The announcement comes on the eve of UN nuclear watchdog’s planned visit to the country
Tehran has more than doubled its capacity to enrich uranium, the head of the Iranian Atomic Energy Organization (AEOI), Mohammad Eslami, announced on Saturday.
It has now reached the highest level in the history of the Islamic Republic’s nuclear industry, exceeding the previous rates by “more than twice,” Eslami told lawmakers in Tehran, as cited by Tasnim news agency.
He added that the generation of power by the nuclear plants “has provided considerable economic benefits for Iran, reduced the consumption of fossil fuels, and prevented environmental damages.“
The announcement comes ahead of a visit by experts from the International Atomic Energy Agency (IAEA) to the republic.
“At the invitation of Iran, an IAEA technical team will be in Tehran on Sunday,” the nuclear watchdog’s spokeswoman said earlier this week. The goal of the visit is to address “the outstanding safeguards issues previously reported,” she added. The agency’s chief, Rafael Grossi, is not expected to be part of the team this time.
The trip will focus on “multiple uranium particles of anthropogenic origin” reported at three locations in 2019, alleged to be former nuclear sites previously undeclared to the IAEA.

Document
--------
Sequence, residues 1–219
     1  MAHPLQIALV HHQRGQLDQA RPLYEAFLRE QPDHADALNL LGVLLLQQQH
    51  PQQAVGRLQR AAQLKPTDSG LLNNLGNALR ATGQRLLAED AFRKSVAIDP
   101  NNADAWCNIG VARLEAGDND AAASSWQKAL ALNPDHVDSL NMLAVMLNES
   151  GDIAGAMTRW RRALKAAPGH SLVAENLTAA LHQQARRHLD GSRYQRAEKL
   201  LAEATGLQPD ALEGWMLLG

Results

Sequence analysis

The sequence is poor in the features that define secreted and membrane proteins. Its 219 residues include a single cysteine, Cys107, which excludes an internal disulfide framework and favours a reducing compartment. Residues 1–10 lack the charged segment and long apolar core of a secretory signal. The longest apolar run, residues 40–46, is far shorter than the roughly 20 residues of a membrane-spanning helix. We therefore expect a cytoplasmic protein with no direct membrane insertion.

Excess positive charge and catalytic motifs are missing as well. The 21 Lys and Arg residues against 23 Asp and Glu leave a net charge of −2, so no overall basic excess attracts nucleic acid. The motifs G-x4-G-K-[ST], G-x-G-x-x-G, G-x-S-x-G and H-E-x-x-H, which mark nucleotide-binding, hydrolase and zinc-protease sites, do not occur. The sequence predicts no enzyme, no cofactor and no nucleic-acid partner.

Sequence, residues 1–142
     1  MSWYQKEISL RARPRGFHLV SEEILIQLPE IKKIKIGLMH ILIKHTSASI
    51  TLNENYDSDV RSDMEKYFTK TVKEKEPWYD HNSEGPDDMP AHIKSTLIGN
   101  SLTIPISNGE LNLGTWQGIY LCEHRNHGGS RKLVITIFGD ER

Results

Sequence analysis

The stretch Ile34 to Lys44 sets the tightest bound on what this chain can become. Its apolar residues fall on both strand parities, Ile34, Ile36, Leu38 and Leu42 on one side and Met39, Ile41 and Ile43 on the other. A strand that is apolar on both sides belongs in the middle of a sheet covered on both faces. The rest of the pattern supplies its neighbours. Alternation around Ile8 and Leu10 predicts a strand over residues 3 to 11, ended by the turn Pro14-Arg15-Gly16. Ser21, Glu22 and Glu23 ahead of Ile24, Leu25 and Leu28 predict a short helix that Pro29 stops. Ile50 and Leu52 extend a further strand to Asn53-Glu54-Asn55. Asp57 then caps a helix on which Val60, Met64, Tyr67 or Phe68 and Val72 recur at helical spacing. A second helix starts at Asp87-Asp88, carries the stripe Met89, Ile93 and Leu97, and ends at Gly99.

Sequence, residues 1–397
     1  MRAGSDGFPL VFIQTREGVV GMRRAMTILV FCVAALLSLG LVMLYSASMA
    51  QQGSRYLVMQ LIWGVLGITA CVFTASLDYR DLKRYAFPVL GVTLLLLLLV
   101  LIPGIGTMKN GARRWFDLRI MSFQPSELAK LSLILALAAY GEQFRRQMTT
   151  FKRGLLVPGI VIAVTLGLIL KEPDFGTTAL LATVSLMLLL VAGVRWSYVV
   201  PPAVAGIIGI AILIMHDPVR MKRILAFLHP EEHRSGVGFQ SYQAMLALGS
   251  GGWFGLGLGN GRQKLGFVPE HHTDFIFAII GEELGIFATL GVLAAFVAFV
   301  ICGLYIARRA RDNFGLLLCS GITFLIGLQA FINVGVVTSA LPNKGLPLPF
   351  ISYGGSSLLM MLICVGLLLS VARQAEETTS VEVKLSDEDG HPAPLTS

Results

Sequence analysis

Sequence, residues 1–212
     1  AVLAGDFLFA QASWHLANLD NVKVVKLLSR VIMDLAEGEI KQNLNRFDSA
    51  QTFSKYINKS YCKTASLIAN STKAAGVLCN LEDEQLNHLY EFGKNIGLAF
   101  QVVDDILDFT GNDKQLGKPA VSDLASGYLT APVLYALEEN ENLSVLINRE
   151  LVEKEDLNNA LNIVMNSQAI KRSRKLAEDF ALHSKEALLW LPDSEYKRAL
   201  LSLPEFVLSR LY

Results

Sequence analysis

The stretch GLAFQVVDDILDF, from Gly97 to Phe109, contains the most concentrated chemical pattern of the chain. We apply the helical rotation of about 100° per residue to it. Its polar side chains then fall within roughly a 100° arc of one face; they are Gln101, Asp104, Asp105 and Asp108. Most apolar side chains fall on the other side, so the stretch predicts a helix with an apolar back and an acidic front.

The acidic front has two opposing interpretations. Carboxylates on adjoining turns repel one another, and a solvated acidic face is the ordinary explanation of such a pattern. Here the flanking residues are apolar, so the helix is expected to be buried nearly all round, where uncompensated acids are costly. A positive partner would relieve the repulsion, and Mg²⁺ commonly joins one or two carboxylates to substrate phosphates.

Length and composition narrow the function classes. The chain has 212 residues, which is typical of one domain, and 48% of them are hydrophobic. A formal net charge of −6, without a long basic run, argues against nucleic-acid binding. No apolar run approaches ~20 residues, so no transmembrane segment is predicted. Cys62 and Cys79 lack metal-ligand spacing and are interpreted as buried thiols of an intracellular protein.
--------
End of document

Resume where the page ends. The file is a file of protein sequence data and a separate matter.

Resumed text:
Eslami expressed hope on Wednesday that the visit “can help resolve issues with the agency.“
Russia welcomes the upcoming consultations, but says it’s unlikely any breakthrough can be reached, according to Mikhail Ulyanov, Moscow’s permanent representative to international organizations in Vienna.
Speaking to the TASS news agency, he noted that initially the consultations had been planned for late November. However, they were postponed because of an “untimely and counterproductive” resolution submitted by the US, Great Britain, Germany and France at the session of the IAEA Board of Governors in an attempt to put pressure on Iran.
The IAEA document passed last month decried “insufficient substantive cooperation by Iran” on the issue of uranium traces, and demanded “credible explanations” and full cooperation from Tehran.
At the time, Iran’s nuclear chief denounced the IAEA’s decision as a “wrong measure” and vowed a “firm response” to the agency’s hostility.
The country’s Foreign Ministry also condemned the move as “illogical and destructive,” adding that Tehran’s nuclear program was the most transparent in the world under the agency’s oversight and had been inspected more than those of other countries.
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